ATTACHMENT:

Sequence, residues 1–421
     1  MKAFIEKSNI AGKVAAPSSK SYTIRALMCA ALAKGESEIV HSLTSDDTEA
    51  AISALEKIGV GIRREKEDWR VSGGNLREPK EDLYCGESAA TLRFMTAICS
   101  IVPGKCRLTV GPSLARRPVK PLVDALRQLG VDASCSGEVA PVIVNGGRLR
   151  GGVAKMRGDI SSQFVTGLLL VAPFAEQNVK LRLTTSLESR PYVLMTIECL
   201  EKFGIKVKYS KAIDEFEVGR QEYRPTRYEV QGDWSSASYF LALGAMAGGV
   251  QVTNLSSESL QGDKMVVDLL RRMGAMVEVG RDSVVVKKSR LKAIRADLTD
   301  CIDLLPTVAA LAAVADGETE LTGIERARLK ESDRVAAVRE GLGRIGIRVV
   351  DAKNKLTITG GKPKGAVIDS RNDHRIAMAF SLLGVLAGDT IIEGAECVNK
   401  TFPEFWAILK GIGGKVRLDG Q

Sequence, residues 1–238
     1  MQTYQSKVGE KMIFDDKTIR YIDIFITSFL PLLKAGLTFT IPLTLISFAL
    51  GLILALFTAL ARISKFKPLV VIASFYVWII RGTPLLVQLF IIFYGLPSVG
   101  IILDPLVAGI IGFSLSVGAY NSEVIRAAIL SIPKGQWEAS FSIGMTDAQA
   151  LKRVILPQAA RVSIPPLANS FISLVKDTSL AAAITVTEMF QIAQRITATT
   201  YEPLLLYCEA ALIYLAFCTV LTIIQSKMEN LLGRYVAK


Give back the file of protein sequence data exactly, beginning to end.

Sequence, residues 1–421
     1  MKAFIEKSNI AGKVAAPSSK SYTIRALMCA ALAKGESEIV HSLTSDDTEA
    51  AISALEKIGV GIRREKEDWR VSGGNLREPK EDLYCGESAA TLRFMTAICS
   101  IVPGKCRLTV GPSLARRPVK PLVDALRQLG VDASCSGEVA PVIVNGGRLR
   151  GGVAKMRGDI SSQFVTGLLL VAPFAEQNVK LRLTTSLESR PYVLMTIECL
   201  EKFGIKVKYS KAIDEFEVGR QEYRPTRYEV QGDWSSASYF LALGAMAGGV
   251  QVTNLSSESL QGDKMVVDLL RRMGAMVEVG RDSVVVKKSR LKAIRADLTD
   301  CIDLLPTVAA LAAVADGETE LTGIERARLK ESDRVAAVRE GLGRIGIRVV
   351  DAKNKLTITG GKPKGAVIDS RNDHRIAMAF SLLGVLAGDT IIEGAECVNK
   401  TFPEFWAILK GIGGKVRLDG Q

Sequence, residues 1–238
     1  MQTYQSKVGE KMIFDDKTIR YIDIFITSFL PLLKAGLTFT IPLTLISFAL
    51  GLILALFTAL ARISKFKPLV VIASFYVWII RGTPLLVQLF IIFYGLPSVG
   101  IILDPLVAGI IGFSLSVGAY NSEVIRAAIL SIPKGQWEAS FSIGMTDAQA
   151  LKRVILPQAA RVSIPPLANS FISLVKDTSL AAAITVTEMF QIAQRITATT
   201  YEPLLLYCEA ALIYLAFCTV LTIIQSKMEN LLGRYVAK